Worldwide smartphone shipments are expected to grow by 11.3 percent in 2015, which is down from 27.6 percent in 2014, according to the latest global market study by International Data Corporation (IDC).
While overall smartphone growth will continue to slow as mature markets reach saturation, some markets will experience robust growth in 2015 and beyond. As a result, worldwide shipment volumes are forecast to reach 1.9 billion units annually by 2019.
IDC now expects 2015 to bring two notable milestones. First, they predict that this will be the first year in which China's smartphone growth, forecast to be 2.5 percent in 2015, will be slower than the overall worldwide market.
Second, Google Android smartphone growth is also expected to be slower than the worldwide market -- now forecast at 8.5 percent in 2015. IDC believes both trends will persist throughout the forecast period, which now goes out to 2019.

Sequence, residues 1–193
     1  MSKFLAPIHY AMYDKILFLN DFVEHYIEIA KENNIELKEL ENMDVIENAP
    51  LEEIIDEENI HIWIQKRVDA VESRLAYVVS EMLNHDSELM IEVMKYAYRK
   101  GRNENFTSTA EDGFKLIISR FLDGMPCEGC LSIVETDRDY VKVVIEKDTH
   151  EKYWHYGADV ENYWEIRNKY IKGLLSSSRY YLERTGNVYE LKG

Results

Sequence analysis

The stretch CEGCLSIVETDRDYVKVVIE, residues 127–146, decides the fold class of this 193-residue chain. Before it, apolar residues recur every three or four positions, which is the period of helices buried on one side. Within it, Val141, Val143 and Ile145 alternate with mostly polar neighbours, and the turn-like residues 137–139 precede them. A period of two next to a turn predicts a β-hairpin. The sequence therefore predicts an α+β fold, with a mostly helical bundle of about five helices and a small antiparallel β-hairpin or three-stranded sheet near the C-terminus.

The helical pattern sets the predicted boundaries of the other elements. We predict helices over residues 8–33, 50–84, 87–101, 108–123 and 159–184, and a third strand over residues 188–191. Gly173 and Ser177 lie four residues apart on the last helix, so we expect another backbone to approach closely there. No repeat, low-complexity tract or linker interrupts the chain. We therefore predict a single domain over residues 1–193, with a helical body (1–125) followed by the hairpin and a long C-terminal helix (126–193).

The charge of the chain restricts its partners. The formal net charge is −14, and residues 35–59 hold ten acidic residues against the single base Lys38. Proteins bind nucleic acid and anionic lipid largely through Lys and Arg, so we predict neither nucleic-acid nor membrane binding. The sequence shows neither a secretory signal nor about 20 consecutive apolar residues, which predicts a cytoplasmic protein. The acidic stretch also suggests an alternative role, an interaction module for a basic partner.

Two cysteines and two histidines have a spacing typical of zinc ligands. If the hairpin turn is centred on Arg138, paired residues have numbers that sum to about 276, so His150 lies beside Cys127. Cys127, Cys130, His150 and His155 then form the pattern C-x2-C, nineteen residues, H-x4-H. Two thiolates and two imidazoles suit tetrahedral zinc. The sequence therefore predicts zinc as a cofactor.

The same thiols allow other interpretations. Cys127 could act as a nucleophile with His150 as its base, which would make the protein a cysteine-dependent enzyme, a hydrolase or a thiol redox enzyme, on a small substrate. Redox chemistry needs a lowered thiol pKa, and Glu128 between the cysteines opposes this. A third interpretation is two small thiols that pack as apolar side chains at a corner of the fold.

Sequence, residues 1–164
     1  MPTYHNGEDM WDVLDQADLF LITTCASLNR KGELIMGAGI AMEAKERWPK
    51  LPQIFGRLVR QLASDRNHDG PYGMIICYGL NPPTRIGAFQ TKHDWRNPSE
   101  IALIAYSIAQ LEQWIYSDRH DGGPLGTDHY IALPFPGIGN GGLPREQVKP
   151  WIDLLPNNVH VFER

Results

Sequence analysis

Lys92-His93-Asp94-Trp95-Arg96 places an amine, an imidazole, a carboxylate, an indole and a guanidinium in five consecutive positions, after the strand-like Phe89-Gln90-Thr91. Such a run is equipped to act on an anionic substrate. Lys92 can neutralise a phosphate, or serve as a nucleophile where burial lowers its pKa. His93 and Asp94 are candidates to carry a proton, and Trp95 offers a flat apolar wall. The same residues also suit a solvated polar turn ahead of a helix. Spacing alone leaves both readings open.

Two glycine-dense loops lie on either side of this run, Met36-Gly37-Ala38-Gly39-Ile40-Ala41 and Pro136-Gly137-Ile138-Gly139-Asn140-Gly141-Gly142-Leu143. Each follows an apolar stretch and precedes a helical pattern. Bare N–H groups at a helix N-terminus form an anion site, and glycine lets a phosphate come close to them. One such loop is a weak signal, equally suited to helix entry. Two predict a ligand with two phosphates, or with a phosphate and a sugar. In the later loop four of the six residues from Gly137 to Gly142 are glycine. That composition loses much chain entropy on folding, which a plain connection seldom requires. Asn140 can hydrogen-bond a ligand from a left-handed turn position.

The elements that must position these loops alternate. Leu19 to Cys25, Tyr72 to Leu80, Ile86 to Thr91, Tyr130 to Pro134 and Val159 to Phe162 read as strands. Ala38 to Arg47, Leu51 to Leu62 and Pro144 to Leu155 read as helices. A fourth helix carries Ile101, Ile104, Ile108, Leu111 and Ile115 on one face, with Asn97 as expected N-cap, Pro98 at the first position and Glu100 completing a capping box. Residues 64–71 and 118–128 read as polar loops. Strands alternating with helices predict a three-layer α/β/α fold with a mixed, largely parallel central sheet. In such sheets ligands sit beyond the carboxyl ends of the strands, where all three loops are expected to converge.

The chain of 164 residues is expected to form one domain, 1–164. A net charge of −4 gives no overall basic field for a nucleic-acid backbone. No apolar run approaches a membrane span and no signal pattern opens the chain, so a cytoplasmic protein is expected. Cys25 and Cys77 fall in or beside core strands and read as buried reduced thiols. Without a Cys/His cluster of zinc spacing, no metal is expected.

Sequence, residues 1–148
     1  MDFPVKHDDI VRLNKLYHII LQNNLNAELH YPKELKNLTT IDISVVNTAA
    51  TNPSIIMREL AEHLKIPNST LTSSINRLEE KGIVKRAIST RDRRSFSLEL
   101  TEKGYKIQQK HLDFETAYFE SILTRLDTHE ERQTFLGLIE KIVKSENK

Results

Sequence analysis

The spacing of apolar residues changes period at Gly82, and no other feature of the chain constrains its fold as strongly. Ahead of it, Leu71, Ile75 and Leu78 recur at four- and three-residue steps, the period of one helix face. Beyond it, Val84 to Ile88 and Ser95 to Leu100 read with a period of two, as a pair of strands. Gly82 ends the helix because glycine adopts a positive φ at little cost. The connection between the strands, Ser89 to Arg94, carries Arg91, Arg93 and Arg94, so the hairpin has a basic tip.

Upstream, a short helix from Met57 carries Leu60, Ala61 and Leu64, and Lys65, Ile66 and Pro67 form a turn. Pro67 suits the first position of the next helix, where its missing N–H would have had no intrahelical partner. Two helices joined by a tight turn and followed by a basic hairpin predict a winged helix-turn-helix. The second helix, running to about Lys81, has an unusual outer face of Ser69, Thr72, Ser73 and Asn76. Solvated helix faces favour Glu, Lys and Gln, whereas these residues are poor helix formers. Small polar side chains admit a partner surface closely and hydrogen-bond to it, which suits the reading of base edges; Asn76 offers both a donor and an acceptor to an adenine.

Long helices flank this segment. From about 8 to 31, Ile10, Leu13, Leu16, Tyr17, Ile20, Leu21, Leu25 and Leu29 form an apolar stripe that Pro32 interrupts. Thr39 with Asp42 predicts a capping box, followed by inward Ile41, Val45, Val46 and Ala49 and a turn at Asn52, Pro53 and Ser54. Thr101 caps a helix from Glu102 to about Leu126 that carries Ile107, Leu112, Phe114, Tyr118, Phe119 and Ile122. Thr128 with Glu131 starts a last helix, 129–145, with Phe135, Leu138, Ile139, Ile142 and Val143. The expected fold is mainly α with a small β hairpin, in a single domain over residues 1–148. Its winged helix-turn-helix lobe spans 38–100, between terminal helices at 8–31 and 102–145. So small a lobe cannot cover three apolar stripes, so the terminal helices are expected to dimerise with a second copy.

"Smartphone volume still has a lot of opportunity in the years to come, but two fundamental segments driving recent years' growth are starting to slow," said Ryan Reith, program director at IDC.
As reported earlier in May, smartphone shipments in China declined year-over-year in the first quarter of 2015, showing that the largest market in the world has reached a level of maturity where further growth will be harder to achieve.
IDC believes that this has implications for Google because China has been a critical market for Android-based smartphone shipments in recent years -- accounting for 36 percent of total volume in 2014.
That said, as Chinese OEMs shift their focus from the domestic market to the next high-growth markets, they will face a number of challenges, including competition from local brands.
In contrast to the overall market, IDC now expects Apple iOS smartphones to grow by 23 percent in 2015 and remain above worldwide market growth rates throughout the forecast period to 2019.
However, IDC believes a sizable portion of the recent Google Android gains were from those people who abandoned their old iPhone models for a more affordable larger screen Android smartphone. This may be a win-back opportunity for Apple. But the relatively high-price of new iPhones will remain a significant hurdle for Apple to overcome.